When people think of bow hunting, they automatically think of large game and broadheads, but what of those of us that like to hunt small game and birds with a bow?
Enter the blunt.
Blunts are a type of small arrowhead designed for hunting small game and birds.
What Game You Can Hunt With a Blunt
As I briefly mentioned above, blunts were designed for hunting small game and birds.
These are typically small fur-bearing animals and stationary birds.
The most common use of a blunt arrowhead is for small game animals. For most of these animals, a broadhead would be overkill and cause too much meat damage
A blunt will work on these animals but only up to a certain size.
- Squirrels – Blunts work well for squirrels and provide more than enough stopping power. They are also a great option for targeting squirrels in trees as they don’t get stuck like judo points or broadheads.
- Rabbits – A rabbit would be getting as close to the largest size of animal that I would target with a blunt. However, with that being said a blunt is a great arrowhead for rabbits. I would keep it to a headshot to be sure of recovery of the animal.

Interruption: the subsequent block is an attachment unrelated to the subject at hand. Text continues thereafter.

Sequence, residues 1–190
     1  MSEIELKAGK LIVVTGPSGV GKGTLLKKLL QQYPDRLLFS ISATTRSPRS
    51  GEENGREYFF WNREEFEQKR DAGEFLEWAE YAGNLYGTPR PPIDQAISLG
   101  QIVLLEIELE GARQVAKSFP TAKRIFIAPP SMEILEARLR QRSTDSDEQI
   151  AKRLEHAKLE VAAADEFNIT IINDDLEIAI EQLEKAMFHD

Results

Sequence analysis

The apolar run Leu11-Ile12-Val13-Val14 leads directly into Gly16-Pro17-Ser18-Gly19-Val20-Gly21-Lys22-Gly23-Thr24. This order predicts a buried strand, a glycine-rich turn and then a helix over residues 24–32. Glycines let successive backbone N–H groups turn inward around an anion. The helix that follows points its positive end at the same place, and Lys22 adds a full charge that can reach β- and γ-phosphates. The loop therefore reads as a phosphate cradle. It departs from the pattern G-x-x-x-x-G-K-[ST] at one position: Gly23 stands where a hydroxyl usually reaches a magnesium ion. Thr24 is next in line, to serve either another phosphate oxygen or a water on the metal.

- Groundhogs – Blunts are a superb choice for groundhogs although similar to the rabbit it keep it to a headshot. A vital shot may send the groundhog back into his burrow and not possible to retrive.
Some other small game animals you can hunt with a blunt:
What Small Game Can You Not Hunt With a Blunt
There comes a point where an animal is too large or too tough for a blunt, even if it is still considered small game.
- Raccoons – While some raccoons can get big if the smaller ones are not suitable for using a blunt on. In fact, not many people hunt raccoons with a bow due to their toughness.
I have shot raccoons with broadheads and even then they take some effort to go down.
A blunt is an unethical weapon for a raccoon and you are likely to end up with an injured animal and chewed-up arrows.
- Fox – As I mentioned above a rabbit-sized animal would be as large as I would recommend for using a blunt. A fox is considerably past this size.
It’s highly unlikely you could ethically kill a fox with a blunt. This would be a situation much more suited to a good broadhead.
Bowhunting birds is one of my favorite pastimes that I feel too many people overlook.
Now I’m not talking about going out and hunting pheasants or doves with a bow, but there are many upland or mountain birds that make for great table fare and are easy targets for a bow.
All of these birds can be taken with a blunt arrowhead:
Birds You Shouldn’t hunt with a blunt:
- Ducks – Ducks are tough birds and a hard target for any bowhunter. While there are a few people who still like to hunt ducks with a bow it’s no job for a blunt.
Even though when bowhunting ducks, they are sitting, a headshot is far too unlikely and you would be much better off with a broadhead.
- Turkey – Before we even discuss the ethics of hunting turkeys with a bow let’s just point out that it is most likely illegal.